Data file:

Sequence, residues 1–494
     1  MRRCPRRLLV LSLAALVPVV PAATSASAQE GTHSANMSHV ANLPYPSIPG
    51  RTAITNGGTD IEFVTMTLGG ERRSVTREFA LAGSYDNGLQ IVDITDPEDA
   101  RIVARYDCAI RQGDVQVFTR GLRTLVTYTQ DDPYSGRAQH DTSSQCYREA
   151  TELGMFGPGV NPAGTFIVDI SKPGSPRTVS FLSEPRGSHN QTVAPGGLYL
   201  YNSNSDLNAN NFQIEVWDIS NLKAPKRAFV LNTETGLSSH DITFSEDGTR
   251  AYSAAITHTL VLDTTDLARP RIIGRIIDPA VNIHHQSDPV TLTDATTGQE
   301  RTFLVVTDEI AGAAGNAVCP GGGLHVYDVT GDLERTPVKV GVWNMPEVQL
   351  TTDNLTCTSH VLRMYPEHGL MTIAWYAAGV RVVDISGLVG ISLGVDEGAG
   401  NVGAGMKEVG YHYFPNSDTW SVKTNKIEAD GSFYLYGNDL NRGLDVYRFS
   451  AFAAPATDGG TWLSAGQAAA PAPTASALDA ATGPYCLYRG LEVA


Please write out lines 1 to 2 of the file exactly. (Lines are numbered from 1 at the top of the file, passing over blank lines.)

Sequence, residues 1–494
     1  MRRCPRRLLV LSLAALVPVV PAATSASAQE GTHSANMSHV ANLPYPSIPG